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Valuing productivity costs in a changing macroeconomic environment: the estimation of colorectal cancer productivity costs using the friction cost approach

Lookup NU author(s): Professor Linda Sharp


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The friction cost approach (FCA) has been proposed as an alternative to the human capital approach for productivity cost valuation. However, FCA estimates are context dependent and influenced by extant macroeconomic conditions. We applied the FCA to estimate colorectal cancer labor productivity costs and assessed the impact of a changing macroeconomic environment on these estimates.Data from colorectal cancer survivors (n = 159) derived from a postal survey undertaken in Ireland March 2010 to January 2011 were combined with national wage data, population-level survival data, and occupation-specific friction periods to calculate temporary and permanent disability, and premature mortality costs using the FCA. The effects of changing labor market conditions between 2006 and 2013 on the friction period were modeled in scenario analyses. Costs were valued in 2008 euros.In the base-case, the total FCA per-person productivity cost for incident colorectal cancer patients of working age at diagnosis was a,not sign8543. In scenario 1 (a 2.2 % increase in unemployment), the fall in the friction period caused total productivity costs to decrease by up to 18 % compared to base-case estimates. In scenario 2 (a 9.2 % increase in unemployment), the largest decrease in productivity cost was up to 65 %. Adjusting for the vacancy rate reduced the effect of unemployment on the cost results.The friction period used in calculating labor productivity costs greatly affects the derived estimates; this friction period requires reassessment following changes in labor market conditions. The influence of changes in macroeconomic conditions on FCA-derived cost estimates may be substantial.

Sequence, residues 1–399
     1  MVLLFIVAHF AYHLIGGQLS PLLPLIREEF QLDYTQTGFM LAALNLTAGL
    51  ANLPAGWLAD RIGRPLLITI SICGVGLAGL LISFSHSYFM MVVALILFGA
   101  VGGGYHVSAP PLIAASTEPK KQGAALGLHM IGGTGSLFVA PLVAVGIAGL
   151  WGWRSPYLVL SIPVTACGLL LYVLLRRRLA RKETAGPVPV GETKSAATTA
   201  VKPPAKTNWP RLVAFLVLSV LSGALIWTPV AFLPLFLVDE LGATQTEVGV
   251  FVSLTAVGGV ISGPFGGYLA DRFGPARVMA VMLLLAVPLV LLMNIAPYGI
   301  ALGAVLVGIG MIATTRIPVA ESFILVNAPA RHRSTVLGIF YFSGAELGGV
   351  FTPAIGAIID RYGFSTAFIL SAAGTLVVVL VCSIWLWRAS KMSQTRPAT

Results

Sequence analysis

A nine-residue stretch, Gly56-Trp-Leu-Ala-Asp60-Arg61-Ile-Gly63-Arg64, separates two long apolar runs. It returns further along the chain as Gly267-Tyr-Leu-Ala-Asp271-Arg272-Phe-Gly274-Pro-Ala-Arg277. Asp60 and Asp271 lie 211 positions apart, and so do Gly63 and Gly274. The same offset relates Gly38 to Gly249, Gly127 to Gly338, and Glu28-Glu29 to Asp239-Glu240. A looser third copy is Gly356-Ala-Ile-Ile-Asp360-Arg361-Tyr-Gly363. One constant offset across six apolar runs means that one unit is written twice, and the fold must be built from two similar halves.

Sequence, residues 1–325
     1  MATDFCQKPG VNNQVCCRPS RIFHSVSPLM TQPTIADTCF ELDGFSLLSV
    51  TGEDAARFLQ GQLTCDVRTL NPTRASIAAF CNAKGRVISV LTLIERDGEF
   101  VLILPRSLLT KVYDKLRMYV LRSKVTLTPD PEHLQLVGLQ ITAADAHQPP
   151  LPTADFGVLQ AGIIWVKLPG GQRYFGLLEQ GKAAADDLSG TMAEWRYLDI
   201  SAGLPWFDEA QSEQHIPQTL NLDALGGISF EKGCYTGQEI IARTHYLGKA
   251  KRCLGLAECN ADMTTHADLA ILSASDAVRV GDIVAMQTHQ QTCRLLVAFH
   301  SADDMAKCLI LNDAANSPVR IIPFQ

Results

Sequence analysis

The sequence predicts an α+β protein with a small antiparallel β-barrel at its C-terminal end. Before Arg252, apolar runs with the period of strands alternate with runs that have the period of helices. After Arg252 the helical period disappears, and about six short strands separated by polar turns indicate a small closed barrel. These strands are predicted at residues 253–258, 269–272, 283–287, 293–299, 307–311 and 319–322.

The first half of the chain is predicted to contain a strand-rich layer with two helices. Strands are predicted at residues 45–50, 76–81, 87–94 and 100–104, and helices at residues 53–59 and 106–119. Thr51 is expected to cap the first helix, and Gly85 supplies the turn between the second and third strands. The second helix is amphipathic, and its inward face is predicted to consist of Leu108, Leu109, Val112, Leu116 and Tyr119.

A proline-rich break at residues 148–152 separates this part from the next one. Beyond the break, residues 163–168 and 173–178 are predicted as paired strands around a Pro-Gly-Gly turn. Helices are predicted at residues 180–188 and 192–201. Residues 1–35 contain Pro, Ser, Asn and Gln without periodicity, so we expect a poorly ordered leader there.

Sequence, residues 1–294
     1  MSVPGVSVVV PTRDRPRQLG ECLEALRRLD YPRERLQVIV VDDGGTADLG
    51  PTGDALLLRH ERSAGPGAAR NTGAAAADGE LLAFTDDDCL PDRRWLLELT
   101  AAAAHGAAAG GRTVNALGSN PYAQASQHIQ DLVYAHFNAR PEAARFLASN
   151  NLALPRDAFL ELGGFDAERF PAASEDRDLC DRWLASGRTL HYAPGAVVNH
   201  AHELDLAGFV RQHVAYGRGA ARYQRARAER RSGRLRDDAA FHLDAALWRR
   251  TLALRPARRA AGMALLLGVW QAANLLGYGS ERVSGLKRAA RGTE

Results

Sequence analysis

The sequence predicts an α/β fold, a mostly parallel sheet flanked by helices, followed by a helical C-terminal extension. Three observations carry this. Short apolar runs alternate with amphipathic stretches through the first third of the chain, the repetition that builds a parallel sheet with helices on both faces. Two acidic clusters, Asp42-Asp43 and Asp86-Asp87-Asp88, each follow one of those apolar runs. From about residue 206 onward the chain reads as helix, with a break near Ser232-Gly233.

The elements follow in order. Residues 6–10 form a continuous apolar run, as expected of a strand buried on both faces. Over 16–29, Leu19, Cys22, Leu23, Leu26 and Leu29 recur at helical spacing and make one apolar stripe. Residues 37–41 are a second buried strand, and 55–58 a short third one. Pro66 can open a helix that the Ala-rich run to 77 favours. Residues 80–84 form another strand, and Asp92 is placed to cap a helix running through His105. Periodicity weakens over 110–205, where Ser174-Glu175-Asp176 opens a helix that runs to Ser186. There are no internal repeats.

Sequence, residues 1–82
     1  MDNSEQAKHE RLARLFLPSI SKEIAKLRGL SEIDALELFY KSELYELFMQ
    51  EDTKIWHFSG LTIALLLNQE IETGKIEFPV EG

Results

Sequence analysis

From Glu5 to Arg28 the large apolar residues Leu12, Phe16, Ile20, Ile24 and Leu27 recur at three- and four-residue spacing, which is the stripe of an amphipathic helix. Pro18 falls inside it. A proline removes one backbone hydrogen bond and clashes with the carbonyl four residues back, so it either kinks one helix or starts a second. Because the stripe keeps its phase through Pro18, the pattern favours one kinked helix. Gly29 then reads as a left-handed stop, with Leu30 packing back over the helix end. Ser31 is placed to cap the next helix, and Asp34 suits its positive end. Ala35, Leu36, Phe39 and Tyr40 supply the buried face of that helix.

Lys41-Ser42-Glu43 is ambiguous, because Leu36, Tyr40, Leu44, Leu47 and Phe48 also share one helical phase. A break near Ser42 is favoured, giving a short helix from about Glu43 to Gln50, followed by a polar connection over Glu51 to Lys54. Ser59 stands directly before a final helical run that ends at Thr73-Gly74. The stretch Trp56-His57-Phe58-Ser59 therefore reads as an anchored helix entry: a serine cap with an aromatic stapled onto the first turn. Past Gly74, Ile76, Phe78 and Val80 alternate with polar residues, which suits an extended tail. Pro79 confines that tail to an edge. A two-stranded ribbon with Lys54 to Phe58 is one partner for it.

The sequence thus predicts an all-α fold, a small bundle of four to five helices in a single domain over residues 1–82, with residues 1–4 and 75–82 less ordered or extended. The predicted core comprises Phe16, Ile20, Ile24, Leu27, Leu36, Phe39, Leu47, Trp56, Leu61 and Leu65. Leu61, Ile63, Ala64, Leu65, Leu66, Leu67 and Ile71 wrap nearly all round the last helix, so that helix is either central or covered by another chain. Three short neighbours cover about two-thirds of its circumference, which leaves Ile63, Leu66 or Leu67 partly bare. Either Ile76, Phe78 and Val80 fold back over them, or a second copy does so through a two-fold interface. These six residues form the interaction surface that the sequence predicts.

Publication metadata

Author(s): Hanly P, Koopmanschap M, Sharp L

Publication type: Article

Publication status: Published

Journal: European Journal of Health Economics

Year: 2016

Volume: 17

Issue: 5

Pages: 553-561

Print publication date: 01/06/2016

Online publication date: 29/05/2015

Acceptance date: 22/05/2015

ISSN (print): 1618-7598

ISSN (electronic): 1618-7601

Publisher: Springer


DOI: 10.1007/s10198-015-0698-5


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Funder referenceFunder name
IS1211COST Action
SA/2004/1Health Research Board